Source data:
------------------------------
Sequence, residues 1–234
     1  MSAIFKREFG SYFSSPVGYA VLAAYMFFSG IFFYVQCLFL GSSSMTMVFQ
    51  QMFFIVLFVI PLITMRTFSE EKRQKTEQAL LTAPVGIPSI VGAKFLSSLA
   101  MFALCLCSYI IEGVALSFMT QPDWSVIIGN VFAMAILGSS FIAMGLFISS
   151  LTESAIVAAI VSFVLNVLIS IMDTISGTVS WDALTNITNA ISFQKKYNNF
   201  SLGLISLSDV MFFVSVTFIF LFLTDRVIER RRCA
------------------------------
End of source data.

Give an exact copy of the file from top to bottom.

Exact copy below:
Sequence, residues 1–234
     1  MSAIFKREFG SYFSSPVGYA VLAAYMFFSG IFFYVQCLFL GSSSMTMVFQ
    51  QMFFIVLFVI PLITMRTFSE EKRQKTEQAL LTAPVGIPSI VGAKFLSSLA
   101  MFALCLCSYI IEGVALSFMT QPDWSVIIGN VFAMAILGSS FIAMGLFISS
   151  LTESAIVAAI VSFVLNVLIS IMDTISGTVS WDALTNITNA ISFQKKYNNF
   201  SLGLISLSDV MFFVSVTFIF LFLTDRVIER RRCA